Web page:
What happened to cause this result? Was the original team overconfident in their expectations? Did they think that because they understood their commercial analog, they understood the prospectivity? Were they so focused on the nearby successes? Was the data that was dismissed actually highly relevant? Were other alternatives and models not considered, which might have suggested that the resource size could be small?
Although the above narrative may appear to be contrived and one’s reaction to the scenario would probably be “I would never do that”, each of the justifications and decisions made are possibilities and all of them are rooted in forms of cognitive bias. You likely have recognized all or part of the scenario from your own experience. Further, these biases can work together in a complimentary fashion, reinforcing the biased assessment, making one “blind” to other possibilities.
Cognitive biases and their negative impact do not just present themselves during the exploration phase. There are numerous similar real-world scenarios observed in appraisal, development, production, and project planning projects.
STRATEGIES TO MANAGE
The bottom line is that these cognitive errors lead to poor decisions regarding work to undertake, issues to focus on, and whether to forge ahead or exit a project. This makes it important to identify them and lessen their impact. Unfortunately, awareness alone is not sufficient. These biases are inherent in our judgments and decision making and serve a purpose in helping us make rapid judgments based upon intuition and experience. In our everyday life, they work generally well. Unfortunately, particularly in complex and uncertain environments such as the oil and gas industry, they can lead us to poor choices.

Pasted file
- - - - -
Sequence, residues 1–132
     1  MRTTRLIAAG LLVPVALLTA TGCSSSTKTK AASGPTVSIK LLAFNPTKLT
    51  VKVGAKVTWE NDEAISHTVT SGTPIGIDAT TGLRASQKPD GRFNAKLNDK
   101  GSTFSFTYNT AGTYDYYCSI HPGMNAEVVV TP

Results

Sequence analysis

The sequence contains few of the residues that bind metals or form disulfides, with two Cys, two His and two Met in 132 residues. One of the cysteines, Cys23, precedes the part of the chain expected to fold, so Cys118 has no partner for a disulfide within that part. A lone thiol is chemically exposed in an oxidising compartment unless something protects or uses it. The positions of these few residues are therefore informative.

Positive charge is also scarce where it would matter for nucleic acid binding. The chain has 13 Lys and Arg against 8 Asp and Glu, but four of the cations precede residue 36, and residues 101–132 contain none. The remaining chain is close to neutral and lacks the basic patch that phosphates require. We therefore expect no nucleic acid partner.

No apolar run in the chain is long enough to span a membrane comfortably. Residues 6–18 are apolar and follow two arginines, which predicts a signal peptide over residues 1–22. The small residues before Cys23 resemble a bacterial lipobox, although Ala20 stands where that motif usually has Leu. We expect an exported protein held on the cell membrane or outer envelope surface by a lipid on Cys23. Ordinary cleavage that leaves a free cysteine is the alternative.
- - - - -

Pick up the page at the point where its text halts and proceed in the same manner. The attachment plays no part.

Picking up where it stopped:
Hence, it is important to understand first what the biases are, why they occur, and how they can influence our assessments. This will then help us identify when our own, or our colleague’s judgments, assessments, and decisions may be affected by these cognitive biases. We then need to learn mitigation strategies. Given that these cognitive biases are normal and serve a purpose, the goal cannot be to remove them, but rather is to recognize the biases and then apply mitigation strategies to lessen their impact.
As noted above, there has been a lot of research on the biases, yet there is little published on actual, practical mitigation strategies. Hence, to help our industry, my colleague Creties Jenkins and I have developed a course entitled Mitigating Bias, Blindness and Illusion in E&P Decision Making course, where we go into further detail regarding these vitally important mitigation strategies. We use petroleum industry case studies and real-world mitigation exercises to reinforce the recognition of the biases. Finally, we show how to employ the mitigations to ensure any assessments or decisions are as unbiased as possible.
Kahneman, Daniel, 2011, Thinking, Fast and Slow, Penguin Books, 499p.
Tversky, Amos and Kahneman, Daniel, 1974, Judgment Under Uncertainty: Heuristics and Biases, Science, vol. 185, no. 4157, pp. 1124-1131.
Wikipedia, List of Cognitive Biases, https://en.wikipedia.org/wiki/List_of_cognitive_biases